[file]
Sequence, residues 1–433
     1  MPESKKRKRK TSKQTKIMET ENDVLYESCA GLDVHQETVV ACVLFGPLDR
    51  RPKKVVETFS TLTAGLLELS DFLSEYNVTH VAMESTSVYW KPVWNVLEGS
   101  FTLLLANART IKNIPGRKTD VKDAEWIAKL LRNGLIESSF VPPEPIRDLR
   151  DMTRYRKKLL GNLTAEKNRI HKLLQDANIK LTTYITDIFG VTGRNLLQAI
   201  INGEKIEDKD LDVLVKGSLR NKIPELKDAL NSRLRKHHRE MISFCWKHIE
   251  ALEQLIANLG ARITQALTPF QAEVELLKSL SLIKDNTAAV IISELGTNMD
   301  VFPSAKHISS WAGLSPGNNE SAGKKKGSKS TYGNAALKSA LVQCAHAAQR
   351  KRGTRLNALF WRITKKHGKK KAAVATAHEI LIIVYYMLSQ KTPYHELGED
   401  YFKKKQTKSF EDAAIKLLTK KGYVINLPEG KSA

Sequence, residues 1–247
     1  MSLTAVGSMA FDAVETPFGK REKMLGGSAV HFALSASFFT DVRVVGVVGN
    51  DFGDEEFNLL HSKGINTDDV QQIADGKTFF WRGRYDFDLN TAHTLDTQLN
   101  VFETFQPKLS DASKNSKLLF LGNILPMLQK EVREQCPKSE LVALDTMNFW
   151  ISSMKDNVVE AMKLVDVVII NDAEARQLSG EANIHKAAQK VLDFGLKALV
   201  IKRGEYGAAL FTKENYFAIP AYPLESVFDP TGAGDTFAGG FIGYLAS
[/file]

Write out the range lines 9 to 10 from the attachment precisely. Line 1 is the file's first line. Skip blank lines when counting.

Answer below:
   351  KRGTRLNALF WRITKKHGKK KAAVATAHEI LIIVYYMLSQ KTPYHELGED
   401  YFKKKQTKSF EDAAIKLLTK KGYVINLPEG KSA